wanweipedia

Buluggin ibn Ziri Redirected from Bologhine ibn Ziri

Buluggin ibn Ziri
Emir of Maghreb
Bologhine Benziri Benmenad.jpg
A statue of Buluggin ibn Ziri on the heights of the Casbah of Algiers
Reign972 – 984
SuccessorAl-Mansur ibn Buluggin
Died984 in Sijilmasa[1]
Names
Abu'l-Futuh Sayf al-Dawla Buluggin ibn Ziri ibn Manad al-Sanhaji
DynastyZirids
FatherZiri ibn Manad

Buluggin ibn Ziri, often transliterated Bologhine, in full Abu'l-Futuh Sayf al-Dawla Buluggin ibn Ziri ibn Manad al-Sanhaji (Arabic: أبو الفتوح سيف الدولة بلكين بن زيري بن مناد الصنهاجي‎; died 984) was the first ruler of the Sanhaja Berber dynasty of Zirids in Ifriqiya (972–984).

Bologhine, a suburb in the city of Algiers, is named after him.

Biography

While his father Ziri ibn Menad was emir of the central Maghreb, Buluggin ibn Ziri founded the city of Algiers on the site of the ancient Roman Icosium in 960, but also Médéa and Miliana. He also rebuilt the villages destroyed by the various revolts.[2]

On the death of his father, in a battle against Kharidjite Berber tribes in 971, the Fatimid Caliph Al-Mu'izz li-Din Allah appointed Buluggin ibn Ziri as Emir of the Maghreb. In addition to the attributions of his father Menad Abu Ziri, he received the regions of Zab and M'Sila that the defector Dja`far ibn `Ali ruled.[3] The honours bestowed on him would provoke the jealousy of the Kutamas.[4] Al-Mu'izz li-Din Allah left the governance of Sicily and Tripoli to members of his family.[5]

Buluggin continued the fight against the Zenatas. The Maghrawa asked for the help of the Umayyads of Cordoba to take back their territory and their cities. Buluggin then took control of almost all of the Maghreb under orders of the Fatimid Caliph.[4] to kill all the Zenatas and to collect taxes from the Berbers under threat of force. Buluggin molested the Maghrawa, the Hawwaras (branch of the Branis), the Nefzawas (branch of the Zenatas) and the Mazata. The prisoners were resettled in great numbers in the settlement of Ashir.[4]

The Fatimids transferred their court from Mahdia to Cairo. Buluggin was then appointed viceroy of Ifriqiya with Kairouan as its capital.[6][verification needed] The Fatimids had taken the treasury and fleet with them to Egypt, so the first priority of the Zirid government was to consolidate its rule. However the loss of the fleet meant loss of control over the Kalbids in Sicily. Buluggin took Fez, Sijilmasa and most of Morocco to the Atlantic coast.[7] During a campaign in Morocco, he fought against the Bargawata. The Caliphate of Córdoba was, however, able to retain the fortresses of Ceuta and Tangiers. Nevertheless, Buluggin remained a vassal of the Fatimids, to whom he had to pay tribute, and he remained surrounded by advisors who were there to support him as much as to watch over him. The Fatimids took with them wealth and military equipment. The absolute priority of the Zirids was therefore to strengthen their power, but the displacement of the Fatimid fleet towards Egypt made the conservation of the Kalbide territories in Sicily impossible.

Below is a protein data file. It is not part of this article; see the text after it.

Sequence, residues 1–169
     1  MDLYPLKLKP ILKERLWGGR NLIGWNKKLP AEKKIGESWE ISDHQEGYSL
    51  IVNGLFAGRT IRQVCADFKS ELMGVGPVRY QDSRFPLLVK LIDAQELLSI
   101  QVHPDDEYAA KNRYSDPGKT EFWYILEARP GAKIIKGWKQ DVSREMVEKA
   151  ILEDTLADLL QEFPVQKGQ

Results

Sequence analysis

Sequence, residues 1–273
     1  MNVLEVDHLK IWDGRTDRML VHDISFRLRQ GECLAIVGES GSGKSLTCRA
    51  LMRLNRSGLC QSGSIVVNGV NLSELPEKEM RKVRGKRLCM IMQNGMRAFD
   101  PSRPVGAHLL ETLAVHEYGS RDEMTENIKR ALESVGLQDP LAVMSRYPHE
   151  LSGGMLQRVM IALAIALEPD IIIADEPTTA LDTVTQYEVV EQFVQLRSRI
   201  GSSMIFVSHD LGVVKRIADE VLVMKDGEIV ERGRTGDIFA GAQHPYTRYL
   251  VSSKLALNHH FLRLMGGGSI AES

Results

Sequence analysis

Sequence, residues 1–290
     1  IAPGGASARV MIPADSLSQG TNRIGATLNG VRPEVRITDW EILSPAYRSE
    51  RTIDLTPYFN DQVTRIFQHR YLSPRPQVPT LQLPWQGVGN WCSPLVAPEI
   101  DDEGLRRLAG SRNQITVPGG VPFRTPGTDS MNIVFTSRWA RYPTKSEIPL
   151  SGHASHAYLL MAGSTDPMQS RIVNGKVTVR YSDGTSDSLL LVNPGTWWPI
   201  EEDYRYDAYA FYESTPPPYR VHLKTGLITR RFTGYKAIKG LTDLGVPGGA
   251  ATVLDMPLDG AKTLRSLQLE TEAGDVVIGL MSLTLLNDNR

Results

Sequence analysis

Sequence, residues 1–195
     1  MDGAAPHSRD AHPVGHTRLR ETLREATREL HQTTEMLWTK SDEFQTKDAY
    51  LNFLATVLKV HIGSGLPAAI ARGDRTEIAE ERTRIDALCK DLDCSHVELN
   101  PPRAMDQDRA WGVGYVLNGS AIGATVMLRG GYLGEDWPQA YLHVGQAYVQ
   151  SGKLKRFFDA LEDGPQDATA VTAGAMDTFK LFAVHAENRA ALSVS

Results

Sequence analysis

Bologhine Ziri received from the Caliph the titles of Abu al-Futuh, "Father of Victories" and Sayf ad-Dawla "Sword of Empire".[5][8] In 977, Abu Mansur Nizar al-Aziz Billah, successor of Al-Muizz li-Dîn Allah, attributed to Bologhine the cities of Tripoli, Ajdabiya and Sirte in addition to his previous attributions.[5] He conquers Fez, Sijilmassa and but stopped before Ceuta. When he saw the square, which he considered impregnable, and the reinforcements of the Zenatas coming from Andalusia by sea, he turned back.[8] He punished the sovereign of the Barghawata, who was declared prophet, in an expedition in 980 or 981 in which he brought back a large number of Moroccan slaves; while his lieutenant paraded them in the streets the people of Ifriqiya were shocked as they had never seen such a large number of slaves before.[9]

In May 984, Bologhine died, and his son Al-Mansur succeeded him in all his attributions.

References

  1. ^ Emmanuel Kwaku Akyeampong; Henry Louis Gates (2 February 2012). Dictionary of African Biography. OUP USA. p. 9. ISBN 978-0-19-538207-5.
  2. ^ Khaldūn, Ibn (1854). Histoire des Berbères et des dynasties musulmanes de l'Afrique Septentrionale (in French). Impr. du Gouvernement.
  3. ^ Lévi-Provençal, Evariste (1999). Histoire de l'Espagne musulmane (in French). Maisonneuve et Larose. ISBN 978-2-7068-1387-0.
  4. ^ a b c Khaldūn, Ibn (1854). Histoire des Berbères et des dynasties musulmanes de l'Afrique Septentrionale (in French). Impr. du Gouvernement.
  5. ^ a b c Khaldūn, Ibn (1854). Histoire des Berbères et des dynasties musulmanes de l'Afrique Septentrionale (in French). Impr. du Gouvernement.
  6. ^ Julien, Charles André, 1891- (1994). Histoire de l'Afrique du Nord : des origines à 1830. Paris: Payot. p. 404. ISBN 2-228-88789-7. OCLC 32160417.CS1 maint: multiple names: authors list (link)
  7. ^ Trudy Ring; Noelle Watson; Paul Schellinger (5 March 2014). Middle East and Africa: International Dictionary of Historic Places. Routledge. p. 36. ISBN 978-1-134-25986-1.
  8. ^ a b Khaldūn, Ibn (1854). Histoire des Berbères et des dynasties musulmanes de l'Afrique Septentrionale (in French). Impr. du Gouvernement.
  9. ^ Hady Roger, Idris (1962). La berbérie oriental sous les Zirides (PDF). Adrien-Maisonneuve. pp. 57 58.

This page was last updated at 2021-03-27 18:52, update this pageView original page

All information on this site, including but not limited to text, pictures, etc., are reproduced on Wikipedia (wikipedia.org), following the . Creative Commons Attribution-ShareAlike License


Top

If the math, chemistry, physics and other formulas on this page are not displayed correctly, please useFirefox or Safari